Omagh bombing of 1998 Northern Ireland's worst terrorist atrocity

Omagh bombing PA.
Twenty-nine people including a woman with unborn twins died in the Omagh bomb. Credit: PA

Twenty-nine people including a woman with unborn twins died in the Omagh bomb on 15 August 1998 and over 200 people were injured.

The Real IRA bombing on the Co Tyrone town was the single worst terrorist atrocity in Northern Ireland.

At 12.40pm, a Vauxhall Cavalier containing the bomb left Dundalk.

The car had been stolen earlier in the week in Carrickmacross in Co Monaghan.

On the day of the bombing, the car travelled from Dundalk through Co Monaghan and Co Armagh before arriving in Omagh.

At 2.20pm, the car carrying the bomb arrived in Omagh and parked up in the middle of the town centre outside the SD Kells clothes shop.

The photograph shown above was found by investigators in a camera amongst the rubble.

It was taken shortly before the bomb exploded and shows the Vauxhall Cavalier where the bomb was lying, unknown to those in the town.

The first bomb warning using a recognised codeword was called into UTV at around 2.30pm which was then phoned into the RUC's emergency switchboard.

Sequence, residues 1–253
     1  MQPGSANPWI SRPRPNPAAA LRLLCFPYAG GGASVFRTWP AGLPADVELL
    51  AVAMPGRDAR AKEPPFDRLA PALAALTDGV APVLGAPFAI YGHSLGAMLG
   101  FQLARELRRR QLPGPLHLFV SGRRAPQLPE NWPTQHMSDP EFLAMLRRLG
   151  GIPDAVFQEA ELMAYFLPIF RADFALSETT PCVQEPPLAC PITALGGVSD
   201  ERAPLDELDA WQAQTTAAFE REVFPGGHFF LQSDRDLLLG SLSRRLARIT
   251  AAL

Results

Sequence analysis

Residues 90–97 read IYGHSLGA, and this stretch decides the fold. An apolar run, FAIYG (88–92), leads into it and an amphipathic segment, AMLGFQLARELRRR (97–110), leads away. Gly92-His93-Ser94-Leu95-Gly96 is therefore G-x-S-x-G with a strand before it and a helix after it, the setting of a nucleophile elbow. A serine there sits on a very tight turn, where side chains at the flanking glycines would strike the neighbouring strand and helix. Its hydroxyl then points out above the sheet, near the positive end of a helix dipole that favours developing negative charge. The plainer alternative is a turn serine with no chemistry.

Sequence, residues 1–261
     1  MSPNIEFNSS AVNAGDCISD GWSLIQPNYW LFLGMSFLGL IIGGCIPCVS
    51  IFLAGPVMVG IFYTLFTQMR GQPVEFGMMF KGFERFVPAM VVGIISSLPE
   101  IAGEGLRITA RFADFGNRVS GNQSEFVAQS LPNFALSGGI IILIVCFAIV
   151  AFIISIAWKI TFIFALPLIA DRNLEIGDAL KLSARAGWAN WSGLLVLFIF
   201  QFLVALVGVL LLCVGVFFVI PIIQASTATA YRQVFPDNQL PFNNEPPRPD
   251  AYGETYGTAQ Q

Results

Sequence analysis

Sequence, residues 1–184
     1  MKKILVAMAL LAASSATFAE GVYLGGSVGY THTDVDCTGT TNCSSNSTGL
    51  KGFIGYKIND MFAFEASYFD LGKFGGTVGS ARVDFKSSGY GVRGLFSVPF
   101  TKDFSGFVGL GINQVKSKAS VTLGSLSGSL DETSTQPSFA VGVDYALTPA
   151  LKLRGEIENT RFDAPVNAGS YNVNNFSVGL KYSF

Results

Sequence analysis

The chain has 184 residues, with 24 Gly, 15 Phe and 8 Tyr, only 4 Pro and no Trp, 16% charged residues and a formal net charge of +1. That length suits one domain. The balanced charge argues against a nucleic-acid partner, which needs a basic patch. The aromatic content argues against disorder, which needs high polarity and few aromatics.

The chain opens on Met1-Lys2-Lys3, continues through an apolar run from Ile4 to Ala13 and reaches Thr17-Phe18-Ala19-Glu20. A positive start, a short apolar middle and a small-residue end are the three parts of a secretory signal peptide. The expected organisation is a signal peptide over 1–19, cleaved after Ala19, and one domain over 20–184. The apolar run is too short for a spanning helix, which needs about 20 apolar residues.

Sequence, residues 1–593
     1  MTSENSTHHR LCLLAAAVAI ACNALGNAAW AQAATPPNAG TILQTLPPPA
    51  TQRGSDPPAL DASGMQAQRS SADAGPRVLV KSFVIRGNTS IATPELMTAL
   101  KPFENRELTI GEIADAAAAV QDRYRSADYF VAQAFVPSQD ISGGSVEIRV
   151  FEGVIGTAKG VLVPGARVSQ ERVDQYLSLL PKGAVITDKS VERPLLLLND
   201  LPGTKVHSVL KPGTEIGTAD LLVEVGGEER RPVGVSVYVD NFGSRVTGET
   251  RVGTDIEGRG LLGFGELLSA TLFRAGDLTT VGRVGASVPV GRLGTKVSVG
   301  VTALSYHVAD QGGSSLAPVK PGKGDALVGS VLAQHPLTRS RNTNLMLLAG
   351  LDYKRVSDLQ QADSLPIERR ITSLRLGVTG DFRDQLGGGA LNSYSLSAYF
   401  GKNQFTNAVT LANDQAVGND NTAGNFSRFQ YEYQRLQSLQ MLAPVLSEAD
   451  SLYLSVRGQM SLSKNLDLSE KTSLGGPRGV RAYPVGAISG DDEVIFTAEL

The warning mentioned that a 500lb bomb was on Omagh's main street near the courthouse.

A second warning was also phoned into UTV, along with a third one to the Samaritans' office in Coleraine.

After the warnings, police moved everyone from the top of the town near the courthouse down towards the supposed safety of Market Street.

However, the warning was inaccurate with many people moving right into the vicinity of the car bomb.

At 3.10pm, the bomb exploded in the middle of the crowd on what was a busy Saturday afternoon.

Twenty-one of the victims were thought to have been killed instantly in the blast which also destroyed a number of buildings.

A huge emergency response began with scores of injured people being ferried to the local Tyrone County Hospital.

A senior surgeon at the hospital later told an inquest that around 240 people arrived at the hospital within 45 minutes of the bombing, saying they faced "battlefield conditions".

The most seriously injured were later flown or driven to hospital including the Royal Victoria in Belfast and Alnagelvin in Londonderry.

It took until 10.45pm for the first initial death toll to be confirmed.

A police release said that 25 people had died so far, already worse than any previous terrorist attack in Northern Ireland.

It wasn't until September 5 that the final victim of the Omagh bomb died.

In all twenty-nine people died in the bombing, including a woman with unborn twins.

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